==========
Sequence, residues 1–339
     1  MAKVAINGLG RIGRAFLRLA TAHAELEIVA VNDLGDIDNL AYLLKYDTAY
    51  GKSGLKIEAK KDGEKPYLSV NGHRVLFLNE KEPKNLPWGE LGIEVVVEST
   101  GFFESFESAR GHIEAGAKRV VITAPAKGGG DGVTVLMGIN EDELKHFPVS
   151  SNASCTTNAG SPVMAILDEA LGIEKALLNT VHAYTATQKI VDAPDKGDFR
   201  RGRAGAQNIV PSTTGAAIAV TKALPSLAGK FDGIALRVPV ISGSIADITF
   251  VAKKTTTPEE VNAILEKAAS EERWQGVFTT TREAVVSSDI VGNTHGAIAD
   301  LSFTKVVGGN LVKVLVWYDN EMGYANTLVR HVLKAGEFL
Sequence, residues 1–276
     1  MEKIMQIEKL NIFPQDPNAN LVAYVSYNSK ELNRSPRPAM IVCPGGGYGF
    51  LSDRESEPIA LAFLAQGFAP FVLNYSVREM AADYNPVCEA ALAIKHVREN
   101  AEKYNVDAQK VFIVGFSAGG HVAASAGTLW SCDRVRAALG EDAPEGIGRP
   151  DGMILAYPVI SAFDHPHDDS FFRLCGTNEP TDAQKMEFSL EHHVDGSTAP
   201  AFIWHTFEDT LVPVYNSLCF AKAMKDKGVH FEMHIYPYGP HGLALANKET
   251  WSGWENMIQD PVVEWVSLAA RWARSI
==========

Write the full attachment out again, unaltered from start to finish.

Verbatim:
Sequence, residues 1–339
     1  MAKVAINGLG RIGRAFLRLA TAHAELEIVA VNDLGDIDNL AYLLKYDTAY
    51  GKSGLKIEAK KDGEKPYLSV NGHRVLFLNE KEPKNLPWGE LGIEVVVEST
   101  GFFESFESAR GHIEAGAKRV VITAPAKGGG DGVTVLMGIN EDELKHFPVS
   151  SNASCTTNAG SPVMAILDEA LGIEKALLNT VHAYTATQKI VDAPDKGDFR
   201  RGRAGAQNIV PSTTGAAIAV TKALPSLAGK FDGIALRVPV ISGSIADITF
   251  VAKKTTTPEE VNAILEKAAS EERWQGVFTT TREAVVSSDI VGNTHGAIAD
   301  LSFTKVVGGN LVKVLVWYDN EMGYANTLVR HVLKAGEFL
Sequence, residues 1–276
     1  MEKIMQIEKL NIFPQDPNAN LVAYVSYNSK ELNRSPRPAM IVCPGGGYGF
    51  LSDRESEPIA LAFLAQGFAP FVLNYSVREM AADYNPVCEA ALAIKHVREN
   101  AEKYNVDAQK VFIVGFSAGG HVAASAGTLW SCDRVRAALG EDAPEGIGRP
   151  DGMILAYPVI SAFDHPHDDS FFRLCGTNEP TDAQKMEFSL EHHVDGSTAP
   201  AFIWHTFEDT LVPVYNSLCF AKAMKDKGVH FEMHIYPYGP HGLALANKET
   251  WSGWENMIQD PVVEWVSLAA RWARSI